The Haswell processors get upgraded Intel HD graphics, as well as the new Iris / Iris Pro graphics. These are a considerable upgrade over the Intel HD 4000 graphics that the Ivy Bridge machines pack in. Also, important to note that Intel has decided it needs multiple offerings with regards to graphics, rather than just the one size fits all routine. While there is a definite performance improvement in the HD graphics, it will still be incremental over HD 4000, and are still not a replacement for dedicated graphics, if your line of work (or play) demands that. Having said that, it is important to clarify that the performance difference will be more visible as you move up the chain, starting from Intel HD Graphics 4200 and ending up at Intel HD Graphics 5000.

However, things are slightly different with the Iris graphics. Intel claims that the Iris 5100 and the Iris Pro 5200 graphics have performance comparable to the Nvidia GeForce GT650M (2GB) graphics. These machines can handle gaming with ease, don’t need a dedicated graphics chip, and should appeal to designers and photographers. Compared to the existing Intel HD 4000, the performance will be close to double, which honestly, is a huge positive jump. Expected to be the chips in the very high-end Windows machines, and the next generation of MacBook Pro with Retina. While dedicated graphics have dedicated memory, Iris series has only 128MB dedicated memory, but will have access to the system RAM to use as video memory.

Comparison: The Haswell mobile chip numbers
To make the specs reading easier, we have made these tables for the Core i3, Core i5 and the Core i7 series of processors. First up, the Core i3 processors:

Intel Haswell: Core i3 series processors
Processor NameClock SpeedCoresMax TDP (in watts)Intel HD Graphics
Intel Core i3-4010U 1.7GHz215Intel HD Graphics 4400
Intel Core i3-4100U1.8GHz215Intel HD Graphics 4400
Intel Core i3-4010Y1.3GHz211.5Intel HD Graphics 4200
Intel Core i3-4158U2.0GHz228Intel Iris Graphics 5100
Intel Core i3-4100M2.5GHz237Intel HD Graphics 4600
Intel Core i3-4000M2.4GHz237Intel HD Graphics 4600


Now, we take a look at the Core i5 processor range:

Intel Haswell: Core i5 series processors
Processor NameClock SpeedCoresMax TDP (in watts)Intel HD Graphics
Intel Core i5-4250U1.3GHz215Intel HD Graphics 5000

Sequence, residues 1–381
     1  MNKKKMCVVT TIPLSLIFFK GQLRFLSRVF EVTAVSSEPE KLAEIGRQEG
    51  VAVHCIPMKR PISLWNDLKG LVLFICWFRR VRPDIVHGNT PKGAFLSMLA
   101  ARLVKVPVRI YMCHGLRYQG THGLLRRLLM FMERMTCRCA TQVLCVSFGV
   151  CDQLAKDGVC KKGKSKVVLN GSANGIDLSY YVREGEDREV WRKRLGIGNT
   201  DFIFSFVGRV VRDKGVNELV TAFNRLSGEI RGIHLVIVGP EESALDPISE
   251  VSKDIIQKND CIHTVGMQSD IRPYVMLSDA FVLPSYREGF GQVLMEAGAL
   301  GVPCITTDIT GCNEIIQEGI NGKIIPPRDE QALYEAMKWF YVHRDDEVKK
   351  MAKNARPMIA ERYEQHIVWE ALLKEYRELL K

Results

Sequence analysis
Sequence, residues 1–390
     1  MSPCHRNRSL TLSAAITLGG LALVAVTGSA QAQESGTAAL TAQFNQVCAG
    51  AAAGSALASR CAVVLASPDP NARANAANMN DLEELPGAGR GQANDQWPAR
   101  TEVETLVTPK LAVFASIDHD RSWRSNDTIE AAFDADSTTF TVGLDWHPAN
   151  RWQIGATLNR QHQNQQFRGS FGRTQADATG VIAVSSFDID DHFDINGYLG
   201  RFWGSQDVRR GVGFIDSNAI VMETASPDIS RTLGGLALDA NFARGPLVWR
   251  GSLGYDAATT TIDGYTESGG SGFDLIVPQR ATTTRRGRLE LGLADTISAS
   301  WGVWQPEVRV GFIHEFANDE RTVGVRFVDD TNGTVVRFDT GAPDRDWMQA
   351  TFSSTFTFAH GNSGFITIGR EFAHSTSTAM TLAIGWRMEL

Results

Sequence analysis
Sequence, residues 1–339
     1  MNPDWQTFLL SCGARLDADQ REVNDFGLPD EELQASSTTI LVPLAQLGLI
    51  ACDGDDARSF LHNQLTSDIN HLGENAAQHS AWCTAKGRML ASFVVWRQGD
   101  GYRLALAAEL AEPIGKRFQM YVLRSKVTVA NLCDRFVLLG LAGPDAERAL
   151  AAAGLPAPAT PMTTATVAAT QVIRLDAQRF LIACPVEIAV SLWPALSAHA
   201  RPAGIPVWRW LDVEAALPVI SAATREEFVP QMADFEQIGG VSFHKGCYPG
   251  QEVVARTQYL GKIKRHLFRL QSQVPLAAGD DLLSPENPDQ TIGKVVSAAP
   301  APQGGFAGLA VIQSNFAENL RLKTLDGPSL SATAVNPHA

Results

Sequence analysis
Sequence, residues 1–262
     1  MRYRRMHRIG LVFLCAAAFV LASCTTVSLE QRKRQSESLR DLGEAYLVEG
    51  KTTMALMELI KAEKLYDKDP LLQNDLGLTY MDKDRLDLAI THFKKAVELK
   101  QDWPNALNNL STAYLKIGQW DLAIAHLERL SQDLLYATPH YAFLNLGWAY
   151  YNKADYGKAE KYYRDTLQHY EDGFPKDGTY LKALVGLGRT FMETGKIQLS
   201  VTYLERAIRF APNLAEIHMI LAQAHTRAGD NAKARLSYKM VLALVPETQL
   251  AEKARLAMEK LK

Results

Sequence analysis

Intel Core i5-4350U1.4GHz215Intel HD Graphics 5000
Intel Core i5-4570R2.7GHz465Intel Iris Pro Graphics 5200
Intel Core i5-4670R3.0GHz465Intel Iris Pro Graphics 5200
Intel Core i5-4200M2.5GHz237Intel HD Graphics 4600
Intel Core i5-4300M2.6GHz237Intel HD Graphics 4600
Intel Core i5-4330M2.8GHz237Intel HD Graphics 4600


And this is how the Intel Haswell Core i7 line-up looks, for laptops and ultrabooks:

Intel Haswell: Core i7 series processors
Processor NameClock SpeedCoresMax TDP (in watts)Intel HD Graphics
Intel Core i7-4750HQ2.00GHz447Intel Iris Pro Graphics 5200
Intel Core i7-4850HQ2.3GHz447Intel Iris Pro Graphics 5200
Intel Core i7-4950HQ2.4GHz447Intel Iris Pro Graphics 5200
Intel Core i7-4770R3.2GHz465Intel Iris Pro Graphics 5200
Intel Core i7-4600M2.9GHz237Intel HD Graphics 4600
Intel Core i7-4650U1.7GHz215Intel HD Graphics 5000
Intel Core i7-4500U1.8GHz215Intel HD Graphics 4400

Which Processor: What goes into which machine?

The entire Haswell range has been put in different categories. The idea being to clearly demarcate which category of devices will use which particular processor, or be able to select from a series of processors.

• M - Mobile processor
• Q / H- Quad-core
• U - Ultra-low power
• X - Extreme
• Y - Extreme-low power

Important to note that the ultrabooks will see the U series of processors, owing to the strict requirements that Intel has set out for the next generation of ultrabooks. Haswell’s H series features quad-core processors and Intel Iris Pro graphics. Then there is the new Y category, specifically made for hybrid devices, with power consumption going well below 10W.